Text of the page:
I think the only thing that works with you are affectations. I know how you feel and I know how I feel. But I also know that screams to no one are probably more effective. And perhaps my screaming isn’t for anyone anyway. The night is sort of used to being deaf and dumb. I scream into my pillow and feel the spit gather and pool. I type in ALL CAPS, then time your metronomic response.

But now, when I can’t help but think about you–his smile in that picture when I know he fucks you later that night; that second betrayal–the part of my torso, the call of my heart is exploding with whatever chemicals say, “Fuck that.” I go to the next thought about why I hate you, or maybe I eat this surge in my chest this once. And I’m not quite sure what I would do if you were in actual arm’s reach. Would I even reach for you?

That ferrous taste when there’s blood in your mouth lets you know something rusted. That chewing on your cheek in angst wasn’t all in vain; there were consequences. Part of me still loves you and that part wants you to know that smell.

You ask sometimes what I am thinking. The verb “to think” does not have the required nuance I need to explain to you my real-time interpretation of what I see and hear at any given moment.  I think you say it to fill the empty space of quiet; I’m sure you are not particularly interested in the answer.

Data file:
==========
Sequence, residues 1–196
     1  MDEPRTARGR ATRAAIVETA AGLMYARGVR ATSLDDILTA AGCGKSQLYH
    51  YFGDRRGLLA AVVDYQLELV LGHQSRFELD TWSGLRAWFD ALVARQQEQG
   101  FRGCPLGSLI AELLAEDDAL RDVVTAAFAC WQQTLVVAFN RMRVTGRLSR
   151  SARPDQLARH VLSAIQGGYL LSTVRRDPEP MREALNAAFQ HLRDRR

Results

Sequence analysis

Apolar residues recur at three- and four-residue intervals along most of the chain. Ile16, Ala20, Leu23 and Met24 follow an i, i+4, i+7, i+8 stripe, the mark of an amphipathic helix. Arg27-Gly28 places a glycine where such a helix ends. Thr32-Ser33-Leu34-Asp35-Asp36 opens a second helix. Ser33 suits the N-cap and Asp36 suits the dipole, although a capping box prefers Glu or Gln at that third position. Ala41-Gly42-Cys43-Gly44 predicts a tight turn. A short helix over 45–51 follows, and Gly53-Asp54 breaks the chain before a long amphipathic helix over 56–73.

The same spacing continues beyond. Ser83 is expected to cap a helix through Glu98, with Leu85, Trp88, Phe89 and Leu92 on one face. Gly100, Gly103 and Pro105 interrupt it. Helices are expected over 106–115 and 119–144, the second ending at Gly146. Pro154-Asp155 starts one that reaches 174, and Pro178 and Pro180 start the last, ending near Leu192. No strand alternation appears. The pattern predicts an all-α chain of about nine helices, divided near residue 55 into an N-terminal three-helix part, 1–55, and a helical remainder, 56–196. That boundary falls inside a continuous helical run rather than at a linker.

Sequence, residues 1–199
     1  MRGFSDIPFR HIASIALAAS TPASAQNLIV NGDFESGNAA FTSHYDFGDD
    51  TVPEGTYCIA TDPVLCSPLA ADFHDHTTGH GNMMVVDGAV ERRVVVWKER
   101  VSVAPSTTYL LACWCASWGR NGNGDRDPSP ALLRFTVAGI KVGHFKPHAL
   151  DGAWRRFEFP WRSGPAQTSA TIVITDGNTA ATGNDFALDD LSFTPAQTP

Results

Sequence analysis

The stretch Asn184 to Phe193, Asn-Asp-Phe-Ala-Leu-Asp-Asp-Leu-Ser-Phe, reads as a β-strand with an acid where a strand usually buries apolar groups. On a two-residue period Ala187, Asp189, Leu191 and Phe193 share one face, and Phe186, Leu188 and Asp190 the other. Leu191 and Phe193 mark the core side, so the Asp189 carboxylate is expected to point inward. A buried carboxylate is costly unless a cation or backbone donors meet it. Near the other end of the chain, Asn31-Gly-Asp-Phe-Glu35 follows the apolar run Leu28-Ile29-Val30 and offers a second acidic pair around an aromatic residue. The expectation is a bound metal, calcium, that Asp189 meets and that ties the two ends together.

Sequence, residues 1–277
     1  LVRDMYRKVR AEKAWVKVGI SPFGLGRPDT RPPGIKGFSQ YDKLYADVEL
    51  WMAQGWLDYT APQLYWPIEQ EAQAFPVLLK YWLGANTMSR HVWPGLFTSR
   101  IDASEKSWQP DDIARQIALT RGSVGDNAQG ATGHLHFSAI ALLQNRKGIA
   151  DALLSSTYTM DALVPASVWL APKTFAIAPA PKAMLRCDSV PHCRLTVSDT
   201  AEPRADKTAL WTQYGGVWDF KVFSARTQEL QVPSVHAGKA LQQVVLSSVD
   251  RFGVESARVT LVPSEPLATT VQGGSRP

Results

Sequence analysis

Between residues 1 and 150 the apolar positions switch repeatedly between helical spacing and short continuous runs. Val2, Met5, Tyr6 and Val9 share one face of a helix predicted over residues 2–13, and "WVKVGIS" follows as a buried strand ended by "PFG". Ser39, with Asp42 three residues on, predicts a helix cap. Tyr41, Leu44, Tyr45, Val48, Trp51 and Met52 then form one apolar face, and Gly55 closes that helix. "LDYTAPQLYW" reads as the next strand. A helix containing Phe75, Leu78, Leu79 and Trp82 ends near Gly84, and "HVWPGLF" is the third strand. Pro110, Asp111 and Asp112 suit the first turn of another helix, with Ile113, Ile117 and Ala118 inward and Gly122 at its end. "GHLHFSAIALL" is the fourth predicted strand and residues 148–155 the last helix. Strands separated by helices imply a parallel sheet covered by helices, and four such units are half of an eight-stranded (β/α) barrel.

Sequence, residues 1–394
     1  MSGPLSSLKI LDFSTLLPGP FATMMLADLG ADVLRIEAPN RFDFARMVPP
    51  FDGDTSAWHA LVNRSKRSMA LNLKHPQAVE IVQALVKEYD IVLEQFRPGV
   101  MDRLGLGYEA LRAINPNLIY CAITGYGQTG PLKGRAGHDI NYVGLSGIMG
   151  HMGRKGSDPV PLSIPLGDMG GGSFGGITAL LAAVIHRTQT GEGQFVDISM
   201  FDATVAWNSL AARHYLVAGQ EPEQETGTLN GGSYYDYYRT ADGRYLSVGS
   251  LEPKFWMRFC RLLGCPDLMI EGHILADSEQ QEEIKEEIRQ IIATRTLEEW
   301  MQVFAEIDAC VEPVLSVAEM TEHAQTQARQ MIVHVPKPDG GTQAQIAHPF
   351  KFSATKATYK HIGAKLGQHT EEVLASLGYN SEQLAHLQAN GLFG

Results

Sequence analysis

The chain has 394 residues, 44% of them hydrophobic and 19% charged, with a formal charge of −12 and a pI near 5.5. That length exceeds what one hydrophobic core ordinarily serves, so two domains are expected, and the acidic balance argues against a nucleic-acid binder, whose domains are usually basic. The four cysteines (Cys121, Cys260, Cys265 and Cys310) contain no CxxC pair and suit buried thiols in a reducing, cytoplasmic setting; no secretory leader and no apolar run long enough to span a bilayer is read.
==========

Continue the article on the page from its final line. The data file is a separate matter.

Two schoolgirls

I killed everything. I didn’t mean to. I wasn’t even trying to kill myself. But watch the funeral parade. See the black flags flying. Each one indicative of something I destroyed. Each relationship. Each chance. Each choice. A loss of grip on humanity and a slow slide down the rope into despair. Look left. Look right. There is no one else to blame.

The pull for the intensity of feeling necessary to create motivates predilections that most people are able to avoid. I don’t expect you or anyone else not enjoying/suffering the same condition to understand.

You see brilliance and you see madness. And you can’t wrap your mind around the fact that those are two schoolgirls holding hands.


A circle is not the smooth line that you apparently see when you look at one. It is actually an infinitely-sided polygon. This is one of the reasons that the study of trigonometry seems to be solely about triangles, but in reality is a study of their relation to circles. This is the reason why pi never ends. This is a metaphor.


So, what are we going to do when I get out there? Besides the obvious I mean. Our concerns have been so legal, so cerebral, so theoretical that the idea of you as a woman, with a woman’s body, and a woman’s kisses and a woman’s loving touch have, unfortunately, taken a back seat to those other concerns. I’m sure that will change the moment I melt into your arms, a sugar cube dissolving in your rain. And you as well will be sugar on my tongue dissolving.